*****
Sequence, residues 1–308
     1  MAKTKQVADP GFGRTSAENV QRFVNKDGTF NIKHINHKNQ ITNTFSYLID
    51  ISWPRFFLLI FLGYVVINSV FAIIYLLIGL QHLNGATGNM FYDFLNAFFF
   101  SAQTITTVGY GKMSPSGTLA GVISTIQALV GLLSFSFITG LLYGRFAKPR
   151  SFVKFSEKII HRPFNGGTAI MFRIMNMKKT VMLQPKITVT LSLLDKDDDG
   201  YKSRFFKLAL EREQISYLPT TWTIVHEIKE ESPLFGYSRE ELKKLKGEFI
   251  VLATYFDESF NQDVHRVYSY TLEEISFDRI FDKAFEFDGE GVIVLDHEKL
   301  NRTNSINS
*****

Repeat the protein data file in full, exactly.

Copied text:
Sequence, residues 1–308
     1  MAKTKQVADP GFGRTSAENV QRFVNKDGTF NIKHINHKNQ ITNTFSYLID
    51  ISWPRFFLLI FLGYVVINSV FAIIYLLIGL QHLNGATGNM FYDFLNAFFF
   101  SAQTITTVGY GKMSPSGTLA GVISTIQALV GLLSFSFITG LLYGRFAKPR
   151  SFVKFSEKII HRPFNGGTAI MFRIMNMKKT VMLQPKITVT LSLLDKDDDG
   201  YKSRFFKLAL EREQISYLPT TWTIVHEIKE ESPLFGYSRE ELKKLKGEFI
   251  VLATYFDESF NQDVHRVYSY TLEEISFDRI FDKAFEFDGE GVIVLDHEKL
   301  NRTNSINS